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A-rated Inglis-Jones stands by global move after tough summer
by Robert St George on Sep 20, 2013 at 09:10
A tough month for global equity income funds has not persuaded Citywire A-rated James Inglis-Jones that he was wrong to move into the sector over the summer.
The £286 million Liontrust Income fund, which Inglis-Jones co-manages with Samantha Gleave, switched into the IMA Global Equity Income sector from the IMA UK Equity Income category on 1 August 2013. During the month, the average constituent in the latter group outperformed the former by 2.2 percentage points. Liontrust Income nevertheless still beat its new neighbours, losing 2.2% through August compared with their 3.2% drop.
Despite this weakness in global equity, Inglis-Jones (pictured above right, with recently retired Liontrust colleague Gary West) has maintained that his investment approach – which emphasises cash flow, yield and value – should offer better returns and lower risk when not constrained to the UK.
On risk, Inglis-Jones noted that typically no more than 10 UK companies met his stringent criteria, representing 20% of the market’s sectors. But on a global basis, up to 100 firms became eligible, covering 85% of sectors, allowing him to construct a more diversified portfolio.
To explore whether this global elite would in fact generate higher returns, Inglis-Jones back-tested them against companies of equivalent quality in the UK for the period between 1996 and 2012. This revealed that the global subset had posted an annualised return of 12%, and the UK 10%. Inglis-Jones added that the volatility-adjusted return was 20% better for the global cohort, while their Sharpe ratio was three times higher.
In the fund’s portfolio of 27 holdings, 10 are now international stocks and the managers confirmed that they expected this proportion to rise over the coming months.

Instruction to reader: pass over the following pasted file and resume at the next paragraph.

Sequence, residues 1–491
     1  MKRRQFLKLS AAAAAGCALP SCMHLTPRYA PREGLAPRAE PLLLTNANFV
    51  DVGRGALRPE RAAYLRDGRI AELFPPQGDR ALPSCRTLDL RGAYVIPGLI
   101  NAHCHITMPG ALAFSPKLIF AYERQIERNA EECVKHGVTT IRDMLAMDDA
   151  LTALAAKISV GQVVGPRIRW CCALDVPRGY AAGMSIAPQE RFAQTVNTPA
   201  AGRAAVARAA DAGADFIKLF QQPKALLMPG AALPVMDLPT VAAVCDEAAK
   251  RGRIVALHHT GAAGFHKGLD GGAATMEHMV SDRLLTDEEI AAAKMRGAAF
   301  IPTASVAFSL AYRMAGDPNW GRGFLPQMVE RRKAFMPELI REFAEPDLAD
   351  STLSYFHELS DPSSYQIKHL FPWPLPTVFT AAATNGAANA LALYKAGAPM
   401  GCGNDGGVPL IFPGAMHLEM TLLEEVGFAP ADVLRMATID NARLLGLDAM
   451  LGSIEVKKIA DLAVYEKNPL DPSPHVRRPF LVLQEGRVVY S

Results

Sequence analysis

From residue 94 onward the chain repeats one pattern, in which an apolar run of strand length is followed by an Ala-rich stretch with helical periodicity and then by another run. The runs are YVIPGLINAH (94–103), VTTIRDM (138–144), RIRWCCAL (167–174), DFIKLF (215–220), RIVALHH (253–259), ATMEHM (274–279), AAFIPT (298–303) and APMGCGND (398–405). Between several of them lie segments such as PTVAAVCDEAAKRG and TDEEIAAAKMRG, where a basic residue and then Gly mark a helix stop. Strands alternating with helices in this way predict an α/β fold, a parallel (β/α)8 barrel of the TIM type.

As examples of international corporations in which Liontrust Income has recently invested, Gleave cited French oil major Total and South African telecoms operator Vodacom.
Gleave acknowledged that Total’s share price had been uninspiring for several years but highlighted its attractive current free cash flow yield of 12%. She also tipped its capex, which has climbed by 40% since 2010, to peak this year and suspected its proceeds from divestment – worth more than £12 billion over the past two years – had yet to do so.
With Vodacom, Gleave underlined its 12% compound annual growth in operating profit between 2009 and 2013, a halving of its net debt and an annualised dividend hike of 23.1% through the period.
According to Inglis-Jones, such dividend growth will become increasingly important to investors in the months ahead as the likelihood of further capital gains from equities has ‘dimmed’ after their rally so far this year.
‘Cash flow has taken a back seat as an investment style but it should now reassert itself,’ Inglis-Jones remarked. ‘We’re not responding to winsome chief executives who are confident about future growth. That tends to be a distraction.’ Instead, he stressed his focus on ‘cold, forensic analysis’.
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- switched into the IMA Global Equity Income sector from the IMA UK Equity Income category on 1 August 2013
- recently retired Liontrust colleague Gary West
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